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Publisher's Summary

A magisterial new work that rewrites the story of America's founding
The American Revolution is often portrayed as an orderly, restrained rebellion, with brave patriots defending their noble ideals against an oppressive empire. It's a stirring narrative, and one the founders did their best to encourage after the war. But as historian Holger Hoock shows in this deeply researched and elegantly written account of America’s founding, the Revolution was not only a high-minded battle over principles, but also a profoundly violent civil war—one that shaped the nation, and the British Empire, in ways we have only begun to understand.
In Scars of Independence, Hoock writes the violence back into the story of the Revolution. American Patriots persecuted and tortured Loyalists. British troops massacred enemy soldiers and raped colonial women. Prisoners were starved on disease-ridden ships and in subterranean cells. African-Americans fighting for or against independence suffered disproportionately, and Washington's army waged a genocidal campaign against the Iroquois. In vivid, authoritative prose, Hoock's new reckoning also examines the moral dilemmas posed by this all-pervasive violence, as the British found themselves torn between unlimited war and restraint toward fellow subjects, while the Patriots documented war crimes in an ingenious effort to unify the fledgling nation.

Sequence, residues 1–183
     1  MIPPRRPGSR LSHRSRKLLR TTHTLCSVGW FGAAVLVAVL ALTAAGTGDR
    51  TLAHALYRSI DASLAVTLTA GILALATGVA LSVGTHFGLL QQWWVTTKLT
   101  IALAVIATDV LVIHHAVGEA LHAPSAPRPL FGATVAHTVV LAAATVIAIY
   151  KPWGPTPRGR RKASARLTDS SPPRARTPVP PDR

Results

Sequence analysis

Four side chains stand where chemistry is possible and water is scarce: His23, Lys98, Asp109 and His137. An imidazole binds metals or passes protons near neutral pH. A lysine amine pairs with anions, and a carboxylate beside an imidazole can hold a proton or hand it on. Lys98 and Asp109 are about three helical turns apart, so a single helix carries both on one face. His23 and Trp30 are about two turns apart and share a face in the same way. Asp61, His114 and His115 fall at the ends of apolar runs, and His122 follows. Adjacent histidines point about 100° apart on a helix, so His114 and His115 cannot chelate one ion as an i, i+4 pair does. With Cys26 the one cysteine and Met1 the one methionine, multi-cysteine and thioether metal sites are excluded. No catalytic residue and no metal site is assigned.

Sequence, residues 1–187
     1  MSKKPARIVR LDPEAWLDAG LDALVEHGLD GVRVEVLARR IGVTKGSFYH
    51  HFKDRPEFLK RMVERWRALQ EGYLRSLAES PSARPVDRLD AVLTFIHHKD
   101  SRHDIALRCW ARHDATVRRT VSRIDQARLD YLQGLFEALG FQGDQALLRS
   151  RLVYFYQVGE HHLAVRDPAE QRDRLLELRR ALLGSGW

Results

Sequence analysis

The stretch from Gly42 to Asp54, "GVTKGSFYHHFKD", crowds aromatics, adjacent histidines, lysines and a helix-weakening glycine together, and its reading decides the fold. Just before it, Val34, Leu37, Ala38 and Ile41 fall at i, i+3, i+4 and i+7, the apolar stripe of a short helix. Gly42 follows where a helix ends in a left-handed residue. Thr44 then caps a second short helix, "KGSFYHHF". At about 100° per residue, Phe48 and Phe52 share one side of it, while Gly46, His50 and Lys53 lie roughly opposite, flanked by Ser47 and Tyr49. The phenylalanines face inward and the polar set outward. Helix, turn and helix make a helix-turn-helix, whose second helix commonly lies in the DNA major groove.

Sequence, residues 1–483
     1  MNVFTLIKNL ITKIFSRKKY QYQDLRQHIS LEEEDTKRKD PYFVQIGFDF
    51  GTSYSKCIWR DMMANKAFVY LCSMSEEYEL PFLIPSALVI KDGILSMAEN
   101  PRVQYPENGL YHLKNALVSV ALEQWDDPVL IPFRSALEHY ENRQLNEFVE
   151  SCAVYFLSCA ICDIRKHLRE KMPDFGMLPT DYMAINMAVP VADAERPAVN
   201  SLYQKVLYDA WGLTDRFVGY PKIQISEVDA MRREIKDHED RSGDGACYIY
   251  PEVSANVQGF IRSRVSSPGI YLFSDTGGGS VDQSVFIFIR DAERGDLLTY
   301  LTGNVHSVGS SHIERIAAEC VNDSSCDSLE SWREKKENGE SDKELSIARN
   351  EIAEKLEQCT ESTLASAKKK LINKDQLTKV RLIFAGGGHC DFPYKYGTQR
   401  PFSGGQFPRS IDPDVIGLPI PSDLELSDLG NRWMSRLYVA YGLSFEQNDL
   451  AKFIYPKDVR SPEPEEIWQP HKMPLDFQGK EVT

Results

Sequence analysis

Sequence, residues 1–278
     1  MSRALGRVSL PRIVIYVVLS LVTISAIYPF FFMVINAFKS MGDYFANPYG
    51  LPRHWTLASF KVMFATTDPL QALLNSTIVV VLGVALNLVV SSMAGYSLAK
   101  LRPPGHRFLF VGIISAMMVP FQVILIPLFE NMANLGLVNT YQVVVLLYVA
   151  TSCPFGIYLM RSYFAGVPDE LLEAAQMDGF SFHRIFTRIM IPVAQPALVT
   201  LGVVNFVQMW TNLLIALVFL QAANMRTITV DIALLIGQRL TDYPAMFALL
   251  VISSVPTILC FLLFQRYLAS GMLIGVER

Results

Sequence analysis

For two centuries we have whitewashed this history of the Revolution. Scars of Independence forces a more honest appraisal, revealing the inherent tensions between moral purpose and violent tendencies in America's past. In so doing, it offers a new origins story that is both relevant and necessary—an important reminder that forging a nation is rarely bloodless.
©2017 Holger Hoock (P)2017 Random House Audio
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Customer Reviews

Most Helpful
5 out of 5 stars
By Mike Weiss on 04-03-18

William Tecumseh Sherman

As an American and amateur history buff I greatly enjoyed the information contained within Holger’s book. I had heard or read bits and pieces of how violent our Revolutionary War had been. I think he was right on when he called this our first civil war. What I didn’t like was Holger’s implication that it was uniquely violent. William Tecumseh Sherman put it best when he said that “war is hell.”

One thing that did surprise me was how inhumanely the British prosecuted the war. For 50% of American causalities to have occurred as POWs is eye opening. I got the impression that the theme of Mel Gibson’s movie “Patriot” was entirely possible given what Holger reported.

I would suggest that Holger delete his epilogue with his pontifications, that added absolute nothing to his book. If anything it was a distraction.

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3 out of 5 stars
By Robert Atkinson on 01-01-18

Interesting, but kind of depressing

It's interesting to hear of the perspective of both sides and the brutality inflicted upon both, but in totality, the sheer amount of the violence began to get rather depressing and somewhat boring. It was all I could do to continue to listen to the last 6 to 8 chapters. Maybe that's why this history has been whitewashed, to make it more tolerable to listen to.

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1 of 2 people found this review helpful

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